The Ghost of Vaudeville
Not at the Palace directed by James Coco at the Charles Playhouse through Sunday
DURING the opening number of the opening night performance of Not at the Palace, a hooded fellow made his way through the dark to the Charles Playhouse's first tier and surreptitiously took his seat. At first, only the devout, well-weathered theater goers noticed him, but as the program wore on, even the most uncultivated picked up on his being there. By evening's end, it was clear that it was the spectral presence of the ghost of that late, great form of entertainment, vaudeville, which had made the show. Yes, the program contained lively music, and a captivating, even heroic, effort from Joe Masiell, but its recreation of a past era was what set it apart. For those in the audience who remembered vaudeville--The Palace, the lonely spotlight, that special rapport between individual performer and audience--this production brought all the images back. For those who post-date the vaudeville era it was a glimpse backward.
Like all vaudeville, Not at the Palace depends for its success on the personality of its spotlit entertainer--in this case, Joe Masiell, a lithe, practiced, crudely handsome Italian (his agent chopped the "o" off the end of his surname) with a contagious delight in performing. On stage for the entire production, he performs all but one of its numbers. Joe Masiell--as he himself emphasizes--has had a checkered career in show business. "It's been a push, a battle, a struggle for a long while," he commented after opening night. "I've been at it since 1960 and, let's see, I've been in 12 flops, count 'em folks, 12." Masiell, who starred for ten years in Jacques Brel Is Alive and Well and Living in Paris, sang two songs from that play ("Madeleine" and "Amsterdam") with an uncanny empathy.
The intentional autobiographical bent of Not at the Palace brings dramatic continuity to a genre (vaudeville) which often suffers from the lack of it. The songs, the dialogue, and even the dancing help create a detailed and remarkably consistent portrait of Masiell. Born in Brooklyn, Masiell was raised in the shadow of his father, a lyric tenor, and adulates him to this day, calling him "kind of an early Italian Tom Jones." At least two songs, Io e Te" and Hey Poppa," reflect his father's influence, and while their sentimentality mars the fluency of the program a bit, Masiell's ever-emerging humanity and impassioned delivery thoroughly redeem it.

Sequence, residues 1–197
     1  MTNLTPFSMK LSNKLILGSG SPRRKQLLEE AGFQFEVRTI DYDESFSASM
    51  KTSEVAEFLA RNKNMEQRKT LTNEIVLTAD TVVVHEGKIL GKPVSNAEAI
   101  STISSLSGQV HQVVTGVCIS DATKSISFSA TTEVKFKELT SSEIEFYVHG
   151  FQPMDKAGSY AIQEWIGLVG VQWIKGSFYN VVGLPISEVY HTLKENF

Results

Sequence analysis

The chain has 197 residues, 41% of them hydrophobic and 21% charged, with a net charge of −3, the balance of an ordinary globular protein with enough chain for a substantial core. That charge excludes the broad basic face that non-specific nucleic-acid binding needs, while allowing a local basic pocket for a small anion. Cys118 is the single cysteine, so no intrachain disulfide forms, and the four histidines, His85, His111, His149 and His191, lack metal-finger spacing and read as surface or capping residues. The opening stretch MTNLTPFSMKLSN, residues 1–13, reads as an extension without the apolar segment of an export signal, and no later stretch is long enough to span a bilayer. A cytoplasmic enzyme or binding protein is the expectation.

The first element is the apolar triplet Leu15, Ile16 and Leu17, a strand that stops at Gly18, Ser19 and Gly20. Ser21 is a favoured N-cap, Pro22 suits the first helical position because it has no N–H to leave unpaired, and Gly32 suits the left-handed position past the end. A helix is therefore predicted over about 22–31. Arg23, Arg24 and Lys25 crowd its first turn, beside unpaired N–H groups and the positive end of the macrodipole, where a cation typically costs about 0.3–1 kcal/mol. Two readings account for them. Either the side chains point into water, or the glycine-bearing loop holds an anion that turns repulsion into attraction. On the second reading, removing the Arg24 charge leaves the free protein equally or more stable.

Joe Masiell's assessment of the peculiar fate of 20th-century man emerges unmistakably from this musical potpourri. A shameless and sincere romantic, he laughs defiantly in the face of the world's many troubles. "They'll only get you down if you let 'em," he seems to say, and in light of his professional struggles, and his father's chronic illness, his is the voice of experience. There is a sordidness and crudity in many of the renditions reminiscent often of Joel Grey in Cabaret. Furthermore, Masiell's carriage, and four husky, underdressed, female sidekicks make the whole performance seem almost to take place in a decrepit, dusky bar over bourbon. Like West Side Story, Not at the Palace acknowledges the world's callousness, and only then take an optimistic approach. Masiell embodies the 20th-century myth of the lonely, common man who in defiance of the world's many inequities, stubbornly perseveres.
The optimistic realism of Not at the Palace helps Joe Masiell accomplish the near-impossible--he holds an audience's attention, alone, for some two and one-half hours. As a stage presence he has many gifts: a well-controlled and expressive singing voice, grace as a dancer, and the knack of an accomplished professional. He knows when to smile, when to chat with the audience, when to casually sling his jacket over his shoulder--and all this helps. But above all, he knows how to make you feel he actually believes his message; perhaps, and this would be a rarity, he actually does.
Unfortunately, the songs themselves are not as good as the singing. Perhaps personal allegiance explains his reliance on mediocre music--many of the songwriters Masiell uses struggled along with him during his early years. Or maybe musical standards were sacrificed for thematic ones. Whatever the reason, we don't get Jacques Brel--well . . . only twice, and these are the two best numbers--but rather Leslie Bricusse, and Kander and Ebb. It's fine that we're not at The Palace, but a few more palatial songs would have improved the quality of the performance.
To bring this show off, Masiell and director James Coco should probably have tried for a bigger stage, better songs, a little less autobiography, and tighter dialogue. But they're forgiven. For there's a rare, healthy sense of humanity here, some cutting irony, a sizable dose of humor, and much well-considered social commentary. And besides, the ghost was there, and that alone is enough. Masiell's clearly not up there with Marlene Dietrich or Maurice Chevalier, and no, we are not at The Palace but I, for one, have never been closer.